Another strand of this theme has focused on modelling energy footprints at a national and international levels. Notable publications include:

This has been coupled with a focus on UK level policies and interventions:

4. Low energy demand scenarios – Positive Low Energy Futures (PLEF)

Positive Low Energy Futures was a cross-centre, collaborative piece of modelling work aimed at plugging a vital gap in the UK national energy demand research landscape. The project was a flexible, iterative process, born out of the CREDS flexible fund, that allowed us to bring together 17 modelling experts from across several institutions to deliver the most comprehensive estimate for the potential role of energy demand reduction in the UK’s climate mitigation challenge to date. The research culminated in results demonstrating that the UK could potentially reduce its energy demand by up to 52% by 2050, reduce the cost of the transition to net-zero and reduce our reliance on risky Carbon Dioxide Removal (CDR) technologies that are unproven at scale – all whilst improving social outcomes.

From its inception, the Positive Low Energy Futures project sought to ensure that the impact would reach a diverse set of stakeholders. By design, research findings were strategically publicised to multiple stakeholder groups, led by a communication and promotion strategy utilising a variety of mediums (digital content, animations, webinars, reports and high-profile academic journal papers) and platforms (online talks, conference presentations, media engagement), supported by the key skills in impact and engagement held by the CREDS core team.

To promote the research project’s findings, CREDS hosted an online launch in October 2021, which was attended by a variety of different stakeholders including academics, policymakers and politicians as well as private sector groups. Shortly after, we were contacted by the Government Office for Science, who attended the launch and were interested in using the modelling framework developed for Positive Low Energy Futures to generate their own scenarios for an upcoming net-zero Foresight project. This research looked to explore the role of societal and behavioural change within net-zero pathways and adopt a similar methodological approach to us. As a result, the CREDS modelling team were heavily involved in the development, modelling and write up of the subsequent GO-Science reportOpens in a new tab, which found that pathways with little societal demand change will find it much harder to deliver net-zero emissions by 2050.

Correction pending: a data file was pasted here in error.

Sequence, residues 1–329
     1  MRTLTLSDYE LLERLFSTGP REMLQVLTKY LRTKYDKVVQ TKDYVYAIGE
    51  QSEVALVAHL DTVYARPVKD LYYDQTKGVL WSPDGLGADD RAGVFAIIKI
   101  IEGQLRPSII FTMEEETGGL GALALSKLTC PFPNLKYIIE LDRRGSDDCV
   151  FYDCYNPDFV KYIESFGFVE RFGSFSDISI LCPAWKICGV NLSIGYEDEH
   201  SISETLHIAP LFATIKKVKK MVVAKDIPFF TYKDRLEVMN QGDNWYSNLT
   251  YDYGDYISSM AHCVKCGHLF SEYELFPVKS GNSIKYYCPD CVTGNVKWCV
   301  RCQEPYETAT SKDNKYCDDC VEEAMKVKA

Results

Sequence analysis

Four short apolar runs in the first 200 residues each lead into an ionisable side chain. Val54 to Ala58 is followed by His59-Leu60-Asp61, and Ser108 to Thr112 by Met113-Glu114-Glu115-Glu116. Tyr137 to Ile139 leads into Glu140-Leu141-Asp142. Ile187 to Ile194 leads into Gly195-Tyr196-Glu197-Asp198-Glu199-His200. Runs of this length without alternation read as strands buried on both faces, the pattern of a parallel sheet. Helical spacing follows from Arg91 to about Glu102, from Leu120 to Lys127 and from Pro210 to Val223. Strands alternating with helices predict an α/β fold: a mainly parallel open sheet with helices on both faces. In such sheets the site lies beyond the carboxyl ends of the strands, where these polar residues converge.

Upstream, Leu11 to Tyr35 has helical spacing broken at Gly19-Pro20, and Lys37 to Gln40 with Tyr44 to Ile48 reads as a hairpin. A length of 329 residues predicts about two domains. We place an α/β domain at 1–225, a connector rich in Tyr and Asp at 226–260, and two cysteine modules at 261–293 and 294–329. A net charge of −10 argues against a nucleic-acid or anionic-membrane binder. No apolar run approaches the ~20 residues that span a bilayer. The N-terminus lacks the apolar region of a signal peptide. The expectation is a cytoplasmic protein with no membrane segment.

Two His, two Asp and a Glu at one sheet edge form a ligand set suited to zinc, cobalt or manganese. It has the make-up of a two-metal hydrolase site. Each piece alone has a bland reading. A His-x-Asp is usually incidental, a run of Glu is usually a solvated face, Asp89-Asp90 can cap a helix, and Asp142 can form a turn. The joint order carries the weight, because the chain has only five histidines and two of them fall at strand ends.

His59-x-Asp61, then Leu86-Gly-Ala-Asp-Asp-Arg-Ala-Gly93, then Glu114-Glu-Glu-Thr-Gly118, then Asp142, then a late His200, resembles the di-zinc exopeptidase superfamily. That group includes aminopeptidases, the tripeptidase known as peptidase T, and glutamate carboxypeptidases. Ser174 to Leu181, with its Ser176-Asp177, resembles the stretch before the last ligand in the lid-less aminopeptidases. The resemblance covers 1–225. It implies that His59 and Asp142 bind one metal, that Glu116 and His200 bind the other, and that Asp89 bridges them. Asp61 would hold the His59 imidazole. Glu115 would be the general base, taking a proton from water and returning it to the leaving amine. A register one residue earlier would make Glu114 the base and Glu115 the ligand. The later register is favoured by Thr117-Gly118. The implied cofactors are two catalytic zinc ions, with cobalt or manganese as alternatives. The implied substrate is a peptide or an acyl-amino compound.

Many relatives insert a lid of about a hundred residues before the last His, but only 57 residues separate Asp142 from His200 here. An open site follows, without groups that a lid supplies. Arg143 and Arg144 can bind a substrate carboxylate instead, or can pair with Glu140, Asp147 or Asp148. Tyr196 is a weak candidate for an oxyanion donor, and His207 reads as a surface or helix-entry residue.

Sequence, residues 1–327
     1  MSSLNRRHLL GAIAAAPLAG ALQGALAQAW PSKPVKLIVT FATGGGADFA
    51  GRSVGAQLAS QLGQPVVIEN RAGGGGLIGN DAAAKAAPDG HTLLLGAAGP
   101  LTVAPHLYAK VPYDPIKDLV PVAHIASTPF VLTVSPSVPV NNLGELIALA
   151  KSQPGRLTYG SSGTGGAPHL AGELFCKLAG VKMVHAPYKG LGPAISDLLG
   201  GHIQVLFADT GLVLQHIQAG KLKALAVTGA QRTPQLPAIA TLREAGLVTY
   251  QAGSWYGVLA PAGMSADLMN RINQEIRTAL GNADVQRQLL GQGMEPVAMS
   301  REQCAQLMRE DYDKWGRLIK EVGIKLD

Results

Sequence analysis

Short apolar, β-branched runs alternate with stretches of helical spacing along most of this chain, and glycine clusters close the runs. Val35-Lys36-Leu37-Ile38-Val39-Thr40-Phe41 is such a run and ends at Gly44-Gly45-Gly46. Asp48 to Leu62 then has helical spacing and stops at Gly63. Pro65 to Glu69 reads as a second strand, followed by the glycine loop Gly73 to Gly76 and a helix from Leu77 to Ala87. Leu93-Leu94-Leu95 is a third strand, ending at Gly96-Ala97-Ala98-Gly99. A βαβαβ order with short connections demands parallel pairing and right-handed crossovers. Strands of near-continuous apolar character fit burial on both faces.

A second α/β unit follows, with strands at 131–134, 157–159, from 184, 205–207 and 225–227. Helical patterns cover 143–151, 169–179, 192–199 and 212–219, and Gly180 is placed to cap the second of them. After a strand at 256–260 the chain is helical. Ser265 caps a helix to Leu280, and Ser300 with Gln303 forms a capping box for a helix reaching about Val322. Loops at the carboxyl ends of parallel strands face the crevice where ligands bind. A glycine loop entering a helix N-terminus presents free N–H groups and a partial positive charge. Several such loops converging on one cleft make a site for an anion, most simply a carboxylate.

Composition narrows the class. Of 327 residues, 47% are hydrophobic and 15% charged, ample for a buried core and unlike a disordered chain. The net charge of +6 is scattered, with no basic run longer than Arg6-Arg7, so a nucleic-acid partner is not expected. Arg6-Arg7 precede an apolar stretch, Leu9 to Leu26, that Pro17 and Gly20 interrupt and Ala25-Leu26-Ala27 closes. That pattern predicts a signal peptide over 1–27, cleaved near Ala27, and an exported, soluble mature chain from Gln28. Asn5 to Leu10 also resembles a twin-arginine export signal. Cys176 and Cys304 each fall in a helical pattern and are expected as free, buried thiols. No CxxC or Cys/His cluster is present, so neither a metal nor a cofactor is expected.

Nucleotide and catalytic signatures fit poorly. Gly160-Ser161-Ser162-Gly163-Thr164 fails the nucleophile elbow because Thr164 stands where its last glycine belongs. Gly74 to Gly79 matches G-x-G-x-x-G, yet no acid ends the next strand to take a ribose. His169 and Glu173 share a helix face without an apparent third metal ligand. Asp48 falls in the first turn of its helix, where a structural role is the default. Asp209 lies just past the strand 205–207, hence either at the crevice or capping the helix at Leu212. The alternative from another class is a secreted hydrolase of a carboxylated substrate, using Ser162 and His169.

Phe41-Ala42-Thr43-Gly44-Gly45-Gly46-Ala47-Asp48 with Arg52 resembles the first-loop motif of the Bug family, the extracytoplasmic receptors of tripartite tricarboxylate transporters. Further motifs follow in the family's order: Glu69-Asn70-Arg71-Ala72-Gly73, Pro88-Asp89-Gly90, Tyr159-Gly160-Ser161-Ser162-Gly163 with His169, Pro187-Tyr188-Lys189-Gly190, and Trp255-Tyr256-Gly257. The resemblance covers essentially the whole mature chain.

This collaboration also led to further opportunities to present the original PLEF scenarios to other stakeholders throughout government, including a breakfast meeting of the Government’s Scientific Advisors and several committee meetings hosted by the All Party Intelligent Energy Group and All Party Parliamentary Group for Renewable and Sustainable Energy and the Parliamentary and Scientific Committee. These opportunities were available thanks to the flexible approach taken to producing impact and a willingness to undertake further collaborative work with interested parties.

Furthermore, Positive Low Energy Futures was also presented to a European audience at the 2022 eceee (European Council for an Energy Efficient Economy) conference in Hyères, France. After the presentation, we engaged with attendants from Association négaWatt, a French research group that had also explored a low energy demand scenario for France, and were now looking embark on a more ambitious project – a low energy demand scenario for EuropeOpens in a new tab. They were also keen to include the UK but had gaps in their data. As a result, CREDS was able to become a partner in the project, using the Positive Low Energy Future results to inform the UK portion of the European pathway.

Since the launch of PLEF in October 2021, CREDS researchers have continued to build upon this pivotal piece of work and further explore the possibilities of low energy futures. CREDS researchers have engaged significantly with the EDITS (Energy Demand changes Induced by Technological and Social innovations) Network, who aim to identify gaps and potentials to enhance modelling, analysing, and communicating the demand-side solutions for climate mitigation. The team have joined EDITS committees, co-authored research, and organised collaborative events. John Barrett et al. published the results of PLEF in Nature Energy: Energy demand reduction options for meeting national zero-emission targets in the United Kingdom; and Joel Millward-Hopkins and Elliott Johnson explored safe and just low energy futures: Distributing less, redistributing more: Safe and just low-energy futures in the United KingdomOpens in a new tab.

Banner photo credit: Lenny Kuhne on Unsplash